Before the wedding, I developed a zucchini recipe for the blog… then ran out of time to post it. I thought about sharing it this week, but you know what? I’m just not feelin’ it. The zucchini ship has sailed. And although I hate to say it, I have finally moved on to fall foods. I almost can’t believe it, because I feel like every year I’m even sadder to see summer go. I think it has to do with the beautiful Utah weather. Other bloggers start with the pumpkin recipes when it’s still 80 degrees here, and I’m all noooooooo. But now that it’s October and I actually have to wear a jacket when I leave the house in the morning, we can talk about warm, comforting food.
But maybe I will sneak a zucchini in sometime soon, just for kicks.
Not that this is a fall dish per se, but to me, risotto is a very wintery food. I mean, am I going to stand at the stove stirring for ages in the summer? Nein danke. Only when it starts to get dark and chilly can I commit to risotto.
But the real reason I made this is that I ate SO MUCH risotto during our “minimoon,” and I’m now addicted. We had some ridiculously delicious restaurant meals, and every piece of fish I ordered was served on a bed of creamy seasonal risotto. Oh my gosh, we ate so much over those three days! The amount of risotto I consumed should be illegal.
Then I saw this recipe in an issue of Edible Vineyard, and knew it was obviously going to happen. So as soon as we got home and I had like 12 salads to make up for our indulgent vacation, it did.
There are several things that make me love this risotto so much. Even beyond the normal buttery and cheesy reasons to love a risotto.
First of all, it has some different flavors from your typical risotto. The fennel and cumin? Not your normal risotto ingredients. You get a little hint of the fennel every so often, and I think it makes this dish really special.
But mostly it’s the creamy carrot puree that takes this dish over the top. Does it sound odd that a vegetable could kick a cheesy rice dish up a notch? Because it totally does. Case in point:
Before and after adding the carrot puree (OK, and the cheese is added in the same step). See how creamy it looks afterwards? Now that I’ve made this and
seen tasted the difference before and after adding the carrot puree, I think all future risottos I make will have pureed veggies in them. Consider yourself warned. This winter: every possible root vegetable is going to get risotto’d on this blog. Hold me to that, please!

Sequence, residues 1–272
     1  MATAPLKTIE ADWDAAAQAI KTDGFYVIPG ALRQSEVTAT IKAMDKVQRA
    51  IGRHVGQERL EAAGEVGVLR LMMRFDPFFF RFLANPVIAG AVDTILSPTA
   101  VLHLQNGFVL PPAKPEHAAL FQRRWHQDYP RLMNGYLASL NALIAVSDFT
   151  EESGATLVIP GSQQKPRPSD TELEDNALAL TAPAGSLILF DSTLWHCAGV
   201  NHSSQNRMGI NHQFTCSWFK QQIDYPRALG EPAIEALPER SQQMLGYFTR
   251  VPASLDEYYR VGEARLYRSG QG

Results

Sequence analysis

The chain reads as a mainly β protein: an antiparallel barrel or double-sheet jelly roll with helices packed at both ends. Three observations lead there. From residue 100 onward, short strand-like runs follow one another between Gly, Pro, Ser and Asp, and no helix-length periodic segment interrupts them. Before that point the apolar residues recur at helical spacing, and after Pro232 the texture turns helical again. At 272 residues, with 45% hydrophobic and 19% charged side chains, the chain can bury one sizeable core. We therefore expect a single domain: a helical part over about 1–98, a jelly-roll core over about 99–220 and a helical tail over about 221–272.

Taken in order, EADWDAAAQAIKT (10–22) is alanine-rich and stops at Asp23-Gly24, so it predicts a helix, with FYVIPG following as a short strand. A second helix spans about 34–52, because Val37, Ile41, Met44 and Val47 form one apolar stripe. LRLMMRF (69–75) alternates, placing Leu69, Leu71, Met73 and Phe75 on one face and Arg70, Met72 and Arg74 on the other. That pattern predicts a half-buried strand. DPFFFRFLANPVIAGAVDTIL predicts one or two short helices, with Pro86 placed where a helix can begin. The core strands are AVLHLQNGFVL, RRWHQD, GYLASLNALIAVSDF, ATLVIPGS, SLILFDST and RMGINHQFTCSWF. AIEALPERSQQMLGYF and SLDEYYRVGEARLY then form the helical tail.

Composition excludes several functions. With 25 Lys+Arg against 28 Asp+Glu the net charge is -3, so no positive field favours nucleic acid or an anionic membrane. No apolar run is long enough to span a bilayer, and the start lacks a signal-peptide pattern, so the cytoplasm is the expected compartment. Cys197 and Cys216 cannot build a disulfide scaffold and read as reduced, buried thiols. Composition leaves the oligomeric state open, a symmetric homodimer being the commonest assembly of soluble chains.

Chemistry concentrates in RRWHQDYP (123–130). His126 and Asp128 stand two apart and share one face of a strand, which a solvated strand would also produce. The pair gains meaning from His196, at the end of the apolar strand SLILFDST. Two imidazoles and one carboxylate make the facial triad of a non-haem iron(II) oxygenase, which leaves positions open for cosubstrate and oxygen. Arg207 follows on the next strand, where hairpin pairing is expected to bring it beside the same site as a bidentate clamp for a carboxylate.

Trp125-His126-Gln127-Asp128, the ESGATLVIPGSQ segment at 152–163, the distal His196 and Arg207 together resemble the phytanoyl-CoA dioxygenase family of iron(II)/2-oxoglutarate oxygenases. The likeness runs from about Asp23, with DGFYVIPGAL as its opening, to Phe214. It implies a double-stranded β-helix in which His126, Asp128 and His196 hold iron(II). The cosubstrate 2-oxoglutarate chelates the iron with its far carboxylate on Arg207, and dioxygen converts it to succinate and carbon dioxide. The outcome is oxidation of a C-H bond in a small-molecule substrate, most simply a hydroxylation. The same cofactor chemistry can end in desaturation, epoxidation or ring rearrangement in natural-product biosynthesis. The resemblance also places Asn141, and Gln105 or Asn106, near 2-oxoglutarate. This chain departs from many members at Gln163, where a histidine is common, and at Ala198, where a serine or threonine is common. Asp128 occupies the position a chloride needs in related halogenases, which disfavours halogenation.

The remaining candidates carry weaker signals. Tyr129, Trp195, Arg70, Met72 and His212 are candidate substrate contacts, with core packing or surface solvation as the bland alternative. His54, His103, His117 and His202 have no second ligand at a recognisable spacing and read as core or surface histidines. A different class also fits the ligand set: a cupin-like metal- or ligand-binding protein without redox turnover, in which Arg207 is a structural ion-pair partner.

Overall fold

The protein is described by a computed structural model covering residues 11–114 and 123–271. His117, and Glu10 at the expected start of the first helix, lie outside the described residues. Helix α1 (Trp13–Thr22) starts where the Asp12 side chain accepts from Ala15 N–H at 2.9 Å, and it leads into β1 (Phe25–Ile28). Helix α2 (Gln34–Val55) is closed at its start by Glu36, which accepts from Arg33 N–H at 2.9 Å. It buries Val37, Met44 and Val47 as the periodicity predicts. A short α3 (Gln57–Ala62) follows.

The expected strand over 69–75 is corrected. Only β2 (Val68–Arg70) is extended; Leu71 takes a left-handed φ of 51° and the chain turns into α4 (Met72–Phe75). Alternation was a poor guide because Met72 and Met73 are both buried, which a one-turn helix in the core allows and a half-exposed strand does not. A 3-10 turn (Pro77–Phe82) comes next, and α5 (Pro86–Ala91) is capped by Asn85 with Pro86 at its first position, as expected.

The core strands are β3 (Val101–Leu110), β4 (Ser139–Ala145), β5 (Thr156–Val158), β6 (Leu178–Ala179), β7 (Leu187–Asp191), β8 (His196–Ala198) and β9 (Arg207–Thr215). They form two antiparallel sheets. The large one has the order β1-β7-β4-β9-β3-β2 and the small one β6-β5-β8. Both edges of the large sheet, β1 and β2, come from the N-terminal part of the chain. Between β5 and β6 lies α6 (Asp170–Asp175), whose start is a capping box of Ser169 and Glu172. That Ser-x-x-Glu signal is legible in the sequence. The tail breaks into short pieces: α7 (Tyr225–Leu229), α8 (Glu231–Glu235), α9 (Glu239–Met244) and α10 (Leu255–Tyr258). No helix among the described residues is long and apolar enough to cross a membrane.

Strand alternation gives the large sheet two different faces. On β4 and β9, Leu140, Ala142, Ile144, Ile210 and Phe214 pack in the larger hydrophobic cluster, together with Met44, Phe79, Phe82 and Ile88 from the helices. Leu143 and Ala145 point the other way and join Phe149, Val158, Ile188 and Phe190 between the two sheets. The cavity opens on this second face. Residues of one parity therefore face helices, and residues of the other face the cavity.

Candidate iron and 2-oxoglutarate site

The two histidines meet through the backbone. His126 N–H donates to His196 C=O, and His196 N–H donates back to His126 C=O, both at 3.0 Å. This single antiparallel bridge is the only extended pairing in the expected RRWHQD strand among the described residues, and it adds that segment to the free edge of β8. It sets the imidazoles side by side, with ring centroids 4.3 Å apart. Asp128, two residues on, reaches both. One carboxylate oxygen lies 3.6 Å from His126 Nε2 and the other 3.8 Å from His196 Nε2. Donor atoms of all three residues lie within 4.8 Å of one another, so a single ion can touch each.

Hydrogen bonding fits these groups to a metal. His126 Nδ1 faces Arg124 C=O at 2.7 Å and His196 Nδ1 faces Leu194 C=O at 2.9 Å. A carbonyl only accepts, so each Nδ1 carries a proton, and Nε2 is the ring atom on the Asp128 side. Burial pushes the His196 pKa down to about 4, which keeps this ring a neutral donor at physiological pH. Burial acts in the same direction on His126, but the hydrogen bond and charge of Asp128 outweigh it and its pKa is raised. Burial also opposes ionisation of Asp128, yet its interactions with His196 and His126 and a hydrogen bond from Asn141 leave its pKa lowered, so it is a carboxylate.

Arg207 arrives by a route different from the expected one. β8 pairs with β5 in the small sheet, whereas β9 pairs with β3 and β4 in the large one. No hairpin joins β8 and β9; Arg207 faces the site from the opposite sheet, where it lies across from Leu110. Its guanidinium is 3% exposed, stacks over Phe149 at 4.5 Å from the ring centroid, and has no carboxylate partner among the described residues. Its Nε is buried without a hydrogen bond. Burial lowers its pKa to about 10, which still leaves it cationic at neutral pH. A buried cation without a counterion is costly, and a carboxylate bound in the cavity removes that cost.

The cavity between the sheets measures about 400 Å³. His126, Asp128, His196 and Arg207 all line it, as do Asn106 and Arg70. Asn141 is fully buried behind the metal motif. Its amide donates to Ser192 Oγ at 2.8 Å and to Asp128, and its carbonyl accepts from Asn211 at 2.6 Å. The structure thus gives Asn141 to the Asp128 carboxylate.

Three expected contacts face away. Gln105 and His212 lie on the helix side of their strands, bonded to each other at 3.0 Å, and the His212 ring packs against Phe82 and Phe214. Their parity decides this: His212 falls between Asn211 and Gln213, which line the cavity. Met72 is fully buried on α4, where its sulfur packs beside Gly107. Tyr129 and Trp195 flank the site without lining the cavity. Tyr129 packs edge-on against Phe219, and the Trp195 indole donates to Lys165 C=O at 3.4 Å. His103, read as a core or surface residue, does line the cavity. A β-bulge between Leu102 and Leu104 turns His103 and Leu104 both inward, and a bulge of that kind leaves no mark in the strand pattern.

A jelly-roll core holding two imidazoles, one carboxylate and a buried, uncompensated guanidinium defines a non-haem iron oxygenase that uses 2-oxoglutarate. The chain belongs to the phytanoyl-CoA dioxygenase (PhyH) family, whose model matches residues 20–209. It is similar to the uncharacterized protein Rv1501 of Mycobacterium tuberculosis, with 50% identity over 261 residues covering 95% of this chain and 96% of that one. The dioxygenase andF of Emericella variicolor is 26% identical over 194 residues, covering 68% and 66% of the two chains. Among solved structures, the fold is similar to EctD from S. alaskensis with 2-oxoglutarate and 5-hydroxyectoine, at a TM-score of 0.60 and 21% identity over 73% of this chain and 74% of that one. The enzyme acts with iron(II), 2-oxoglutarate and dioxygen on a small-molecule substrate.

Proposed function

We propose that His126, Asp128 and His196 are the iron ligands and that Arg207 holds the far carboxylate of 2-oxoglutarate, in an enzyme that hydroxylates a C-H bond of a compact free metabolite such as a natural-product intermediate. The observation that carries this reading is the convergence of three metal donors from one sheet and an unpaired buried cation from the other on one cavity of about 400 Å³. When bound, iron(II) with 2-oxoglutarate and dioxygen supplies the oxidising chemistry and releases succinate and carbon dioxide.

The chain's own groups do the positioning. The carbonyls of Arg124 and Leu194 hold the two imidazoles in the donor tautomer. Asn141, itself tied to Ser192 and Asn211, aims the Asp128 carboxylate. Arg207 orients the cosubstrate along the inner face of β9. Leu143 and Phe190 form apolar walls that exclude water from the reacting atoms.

Last but not least is the orange color. For some reason I just love eating orange foods, and fall is a great excuse.
This isn’t the first farro risotto on this blog, but I have to say it’s the best. And why the farro? Because it’s what I had handy, to be honest. With all the new dishes we’ve received lately, I’m on more of a mission than ever to clear out my cabinets and make some room. And after a few batches of this, I’m running low on farro! Success.
One of the new dishes we received as a wedding gift was the Le Creuset Dutch oven I’ve been coveting for years, and this was the first meal I cooked in it. This thing can hold some heat!
It was perfect for making risotto. It’s like I’m being officially welcomed to adulthood, cooking with all this high-quality equipment. I feel so spoiled!
Speaking of dishes, we’re talking about risotto here. It uses many dishes, takes a lot of time, is totally not my normal cooking style, and is worth every bit of effort. Just every once in a while, you know. For special occasions. Like… being a newlywed and trying to make your husband special meals? OK, I guess that actually is kind of a special occasion.
- 1 lb carrots, chopped into 1-inch chunks + 1/2 cup grated carrot
- 2 Tbsp unsalted butter
- 3 shallots, chopped
- 2 cloves garlic, minced
- 2 handfuls of fresh oregano leaves, divided
- leaves from 6 sprigs of thyme, divided
- 1 tsp fennel seeds
- 1 tsp cumin seeds (or use 1/2 tsp ground cumin)
- 1 1/2 cups uncooked farro
- 4 cups vegetable broth, warmed
- 1 cup dry white wine (I used sauvignon blanc)
- 1/2 cup shaved parmesan cheese + additional for serving
- salt and pepper to taste
- Bring a pot of water to a boil. Add chopped carrots and simmer until tender. Drain and transfer the carrots to a food processor. Puree until smooth. Set aside 1 cup of the carrot puree; the rest is leftover. (The carrots are added to the risotto as the last step, so you can cook them while the risotto is on the stove.)
- Melt the butter in a heavy-bottomed pot. Add shallots, garlic, half of the herbs, and the spices. Sautee until the shallot is translucent.
- Add the farro and toast for several minutes. Add in grated carrot and sautee another minute or two.
- Alternate adding the wine and broth, 1/2 cup to 1 cup at a time, making sure all liquid is absorbed before adding more. I like to alternate stirring vigorously and walking away. Continue until farro is al dente, about 30 minutes. You may not use all the broth (but be sure to use all the wine!). Just before farro is al dente, stir in the remaining herbs.
- Stir in 1 cup carrot puree and parmesan. Season to taste with salt and pepper. Don't hesitate to use a lot of salt! Serve with additional parmesan for sprinkling. Enjoy!